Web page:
Unlimited holidays: Can it work?
Kate Russell, September 29, 2014
This week, Richard Branson said that the 170 employees on his personal staff can take as much holiday as they want, when they want.
Many employers will fall off their chairs in horror at the prospect of unlimited self-managed holiday. I can’t entirely blame them. Most businesses simply could not function if the management do not know when their people will be out of the office and for how long, manual and service sector companies alike.
The introduction of such a benefit could be highly divisive. Holiday is very highly prized by most employees. If some people are having unlimited holiday and others are restricted to the statutory 5.6 weeks it’s likely to lead to great resentment.
Still, policies of this type make us think. Flexibility in the workplace is important. Plenty of companies have found ways of making work more flexible. When businesses like this merge with less flexible companies, there tends to be a significant culture clash.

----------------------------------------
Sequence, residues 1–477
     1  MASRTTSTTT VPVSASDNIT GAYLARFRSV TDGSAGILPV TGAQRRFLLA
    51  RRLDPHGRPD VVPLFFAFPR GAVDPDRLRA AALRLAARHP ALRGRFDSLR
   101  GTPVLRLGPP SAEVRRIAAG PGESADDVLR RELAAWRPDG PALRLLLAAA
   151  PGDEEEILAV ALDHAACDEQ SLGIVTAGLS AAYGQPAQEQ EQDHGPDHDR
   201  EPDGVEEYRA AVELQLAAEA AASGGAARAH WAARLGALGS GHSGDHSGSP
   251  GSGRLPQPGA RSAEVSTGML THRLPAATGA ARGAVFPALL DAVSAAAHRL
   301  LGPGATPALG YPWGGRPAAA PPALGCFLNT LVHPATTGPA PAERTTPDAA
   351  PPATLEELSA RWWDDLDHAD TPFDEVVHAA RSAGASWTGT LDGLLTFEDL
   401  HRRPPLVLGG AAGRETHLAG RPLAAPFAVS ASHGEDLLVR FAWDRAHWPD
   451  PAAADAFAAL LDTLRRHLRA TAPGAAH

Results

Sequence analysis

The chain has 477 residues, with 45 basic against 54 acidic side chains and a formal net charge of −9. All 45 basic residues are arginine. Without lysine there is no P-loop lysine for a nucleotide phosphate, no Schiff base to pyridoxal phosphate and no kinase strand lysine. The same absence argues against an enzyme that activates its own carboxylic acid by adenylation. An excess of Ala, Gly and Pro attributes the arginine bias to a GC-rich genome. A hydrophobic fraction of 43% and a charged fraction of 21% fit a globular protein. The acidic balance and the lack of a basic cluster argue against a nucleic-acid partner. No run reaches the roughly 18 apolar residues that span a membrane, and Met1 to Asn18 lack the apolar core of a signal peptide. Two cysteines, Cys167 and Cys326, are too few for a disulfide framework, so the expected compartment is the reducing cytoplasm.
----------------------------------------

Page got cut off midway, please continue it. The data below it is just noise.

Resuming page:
This sort of approach requires a strong level of trust, and there needs to be regular points of contact and attendance onsite to ensure that employees do not take advantage of the flexibility. Key Performance Indicators are vital if employees are working from home or abroad to ensure that the work does get done to the required standard. If employees are allowed to take holiday for as long as they want, the policy needs to be worded carefully to ensure that employers can fairly manage their people if employees are found to be abusing the policy.
Arguably Branson’s approach equates to the greatest level of flexibility possible, without staff becoming self-employed. Control over employees is significantly reduced, although they answer to the company over performance and conduct. Indeed, some organisations may see high levels of flexibility among their employees (who cost an awful lot of money) as untenable, but using reliable self-employed people as a more cost-effective option and allowing the ‘worker’ much greater flexibility.
Ultimately it does depend on the level of control over standards required and there is no one-size-fits-all approach. Changing the culture of a company, let alone a sector, is no easy task. A more gradual change, testing out what works and balancing benefits with trust, is often a safer way to make progress.
Kate Russell is the managing director of Russell HR Consulting